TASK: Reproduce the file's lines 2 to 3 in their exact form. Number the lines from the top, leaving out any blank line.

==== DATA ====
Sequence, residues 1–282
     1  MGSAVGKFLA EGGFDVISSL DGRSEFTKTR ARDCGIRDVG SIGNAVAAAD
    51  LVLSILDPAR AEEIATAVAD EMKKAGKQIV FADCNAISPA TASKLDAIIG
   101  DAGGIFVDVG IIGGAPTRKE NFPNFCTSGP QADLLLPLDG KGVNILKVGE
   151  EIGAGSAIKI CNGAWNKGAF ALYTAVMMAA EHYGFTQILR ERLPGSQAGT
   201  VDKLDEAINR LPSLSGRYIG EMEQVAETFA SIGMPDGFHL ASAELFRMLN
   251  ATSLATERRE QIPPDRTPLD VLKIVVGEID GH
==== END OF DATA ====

     1  MGSAVGKFLA EGGFDVISSL DGRSEFTKTR ARDCGIRDVG SIGNAVAAAD
    51  LVLSILDPAR AEEIATAVAD EMKKAGKQIV FADCNAISPA TASKLDAIIG